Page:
If you’re wondering why the American and Canadian national women’s hockey teams would want to play a five-game “USA-Canada Rivalry Series” during a non-Olympic season, and why fans in five different cities would want to watch … well, you haven’t been paying attention to what has become one of the more intense rivalries in international sports.
A little background: Ever since women’s hockey became an Olympic sport in 1998, either the U.S. or Canada has won every gold medal. The Americans are the reigning gold medalists, having beaten the Canadians at the 2018 Games in Pyeongchang, South Korea, thanks largely to one of the most wicked shootout moves you’ll ever see.
Before that, though, Canada won four straight golds, the last one in heartbreaking fashion for Team USA, who seemed to have the 2014 gold-medal game in Sochi, Russia, sewed up until the final minutes of regulation.
The Rivalry Series, of course, is an opportunity for the sport to gain a wider audience, and to give fans of the two national teams a chance to see them live. This was the second straight year that the series has been held, and this time around it grew from three games to five.
After games in Hartford, Conn.; Moncton, New Brunswick,; Victoria, B.C.; and Vancouver, the final game of this year’s USA-Canada Rivalry Series was held at Honda Center in Anaheim, home of the Anaheim Ducks. That’s right in my backyard, and not only did I want to see the game for myself, I and Mrs. Fan saw it as a chance to give our daughter Little Fan early exposure to the high level of women’s athletics. The experience certainly didn’t disappoint.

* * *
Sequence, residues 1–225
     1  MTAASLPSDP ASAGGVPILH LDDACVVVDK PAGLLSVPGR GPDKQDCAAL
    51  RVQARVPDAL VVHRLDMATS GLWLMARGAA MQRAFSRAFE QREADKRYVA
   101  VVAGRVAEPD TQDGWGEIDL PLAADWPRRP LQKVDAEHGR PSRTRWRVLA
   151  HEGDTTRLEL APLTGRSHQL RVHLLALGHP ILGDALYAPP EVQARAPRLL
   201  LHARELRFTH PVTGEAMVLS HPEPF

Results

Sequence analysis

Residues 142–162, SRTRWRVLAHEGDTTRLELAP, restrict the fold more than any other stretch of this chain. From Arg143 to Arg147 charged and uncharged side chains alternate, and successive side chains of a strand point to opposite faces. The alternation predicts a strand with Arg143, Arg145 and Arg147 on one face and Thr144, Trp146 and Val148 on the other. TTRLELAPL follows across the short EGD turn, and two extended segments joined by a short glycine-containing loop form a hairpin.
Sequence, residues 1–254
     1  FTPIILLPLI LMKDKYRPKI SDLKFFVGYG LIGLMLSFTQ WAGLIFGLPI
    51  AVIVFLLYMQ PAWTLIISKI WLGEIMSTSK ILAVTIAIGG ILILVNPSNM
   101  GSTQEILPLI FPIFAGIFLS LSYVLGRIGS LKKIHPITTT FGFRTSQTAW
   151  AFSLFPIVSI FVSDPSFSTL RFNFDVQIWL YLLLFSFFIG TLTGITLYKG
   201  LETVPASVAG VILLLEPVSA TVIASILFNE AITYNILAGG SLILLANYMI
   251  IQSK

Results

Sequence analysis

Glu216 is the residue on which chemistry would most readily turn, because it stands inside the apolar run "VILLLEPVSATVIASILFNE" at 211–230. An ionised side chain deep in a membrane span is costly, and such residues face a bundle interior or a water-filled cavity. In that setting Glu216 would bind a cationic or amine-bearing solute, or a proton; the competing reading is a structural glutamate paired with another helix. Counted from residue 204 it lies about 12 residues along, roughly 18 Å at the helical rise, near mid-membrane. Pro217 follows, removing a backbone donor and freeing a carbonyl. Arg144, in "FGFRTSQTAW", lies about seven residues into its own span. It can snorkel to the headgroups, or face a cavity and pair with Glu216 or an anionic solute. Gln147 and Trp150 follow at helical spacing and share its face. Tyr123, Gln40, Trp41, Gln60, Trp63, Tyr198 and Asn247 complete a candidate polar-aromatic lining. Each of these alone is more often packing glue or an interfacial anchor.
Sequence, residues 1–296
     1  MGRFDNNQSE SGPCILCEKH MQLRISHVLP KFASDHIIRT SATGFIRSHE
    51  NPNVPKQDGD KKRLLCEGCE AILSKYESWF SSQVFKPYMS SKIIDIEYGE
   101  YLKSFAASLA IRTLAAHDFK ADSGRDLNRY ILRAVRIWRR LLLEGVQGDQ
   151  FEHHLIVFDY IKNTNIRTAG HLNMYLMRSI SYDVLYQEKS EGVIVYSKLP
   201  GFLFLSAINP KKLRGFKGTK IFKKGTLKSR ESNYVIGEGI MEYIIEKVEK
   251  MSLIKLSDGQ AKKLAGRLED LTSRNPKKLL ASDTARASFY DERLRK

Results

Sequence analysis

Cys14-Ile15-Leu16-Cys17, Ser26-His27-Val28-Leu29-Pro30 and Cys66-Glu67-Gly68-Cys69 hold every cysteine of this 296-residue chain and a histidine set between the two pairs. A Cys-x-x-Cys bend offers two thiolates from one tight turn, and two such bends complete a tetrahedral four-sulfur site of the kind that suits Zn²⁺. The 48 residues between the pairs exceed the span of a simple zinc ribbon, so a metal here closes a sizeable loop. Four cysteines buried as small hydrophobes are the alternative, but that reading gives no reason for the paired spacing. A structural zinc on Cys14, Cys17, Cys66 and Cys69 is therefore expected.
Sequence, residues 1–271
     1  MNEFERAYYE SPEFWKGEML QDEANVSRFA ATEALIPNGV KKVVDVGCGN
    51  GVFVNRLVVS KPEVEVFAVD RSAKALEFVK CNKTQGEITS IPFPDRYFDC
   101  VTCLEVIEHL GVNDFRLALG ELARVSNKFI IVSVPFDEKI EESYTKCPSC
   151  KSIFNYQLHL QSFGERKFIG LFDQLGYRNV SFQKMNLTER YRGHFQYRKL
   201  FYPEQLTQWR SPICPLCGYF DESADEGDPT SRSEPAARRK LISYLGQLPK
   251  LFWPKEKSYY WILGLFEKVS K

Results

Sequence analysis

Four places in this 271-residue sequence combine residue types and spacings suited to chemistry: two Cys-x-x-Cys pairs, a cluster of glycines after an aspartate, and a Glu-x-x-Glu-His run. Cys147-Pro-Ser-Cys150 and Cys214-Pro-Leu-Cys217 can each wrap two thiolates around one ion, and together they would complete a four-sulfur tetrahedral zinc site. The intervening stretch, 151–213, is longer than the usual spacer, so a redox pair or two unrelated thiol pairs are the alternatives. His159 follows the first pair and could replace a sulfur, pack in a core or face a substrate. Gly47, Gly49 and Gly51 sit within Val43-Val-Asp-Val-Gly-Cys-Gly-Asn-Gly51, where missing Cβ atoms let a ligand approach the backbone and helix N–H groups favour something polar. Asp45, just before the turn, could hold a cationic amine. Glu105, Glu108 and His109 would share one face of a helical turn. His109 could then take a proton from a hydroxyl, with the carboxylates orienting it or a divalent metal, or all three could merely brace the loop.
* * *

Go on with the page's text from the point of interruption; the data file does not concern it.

Waving our flags for Team USA
I had access to a presale as a longtime participant in the Ducks’ annual recreational hockey tournament, held every Presidents Day weekend (check it out if you play the game yourself!), so I bought seats just behind the penalty boxes for $25 each. Normally I don’t like sitting that close to the ice — I prefer to be able to see as much of the ice as I can without craning my neck — but for this price, why not make an exception?
This event didn’t fill the 17,000-seat Honda Center, but it did attract an announced crowd of 13,320, most ever for a women’s national game played in the United States. And it was a boisterous one, from moms and their daughters all decked out in the red, white and blue to hockey fans of all types wearing all types of jerseys, and a fair amount of Canadians sporting the red maple leaf.
Between Mrs. Fan and I, we knew a handful of friends at the game and took time to meet up with a few of them — mostly fellow beer-league hockey players both male and female.
They handed out American flags at the door, and Little Fan had a great time waving hers around, though we had to tell her more than a couple times to not do so when play was in progress. While she was more interested in the spectacle of it all, it wasn’t overdone — after all, this was an exhibition. Once the game began, it was all about the play on the ice.
A frantic and fun finish
The USA-Canada Rivalry Series was already tilted in favor of the Americans, with three victories in the first four games, but you wouldn’t have known that by the way they played on this night. Team USA trailed 3-2 entering the third period but pushed furiously for the tying goal before cashing in with nine minutes remaining.
Then, after a Canadian penalty in the game’s final minute, the U.S. nearly seized the victory in regulation. Only a fantastic save by Canada’s goalie, Genevieve Lacasse, preserved the tie and forced overtime.
Lacasse was great again in the short OT period but couldn’t stop a second-chance opportunity by Megan Bozek, whose winner gave the U.S. victory No. 4 in the series.
Meeting up with a few of our friends at a local diner after the game, we couldn’t help but talk a little bit about Lacasse’s effort in a losing cause. Me being a goalie, her standout performance was pretty near and dear to my heart.
Ultimately, though, we were pretty impressed with the play of both teams. I don’t think any of us would mind if the gold-medal game in the 2022 Winter Olympics is a matchup of these two teams once again. Given their dominance, it’s a relatively safe bet — as is the thought that we’ll all be glued to our TVs if it happens.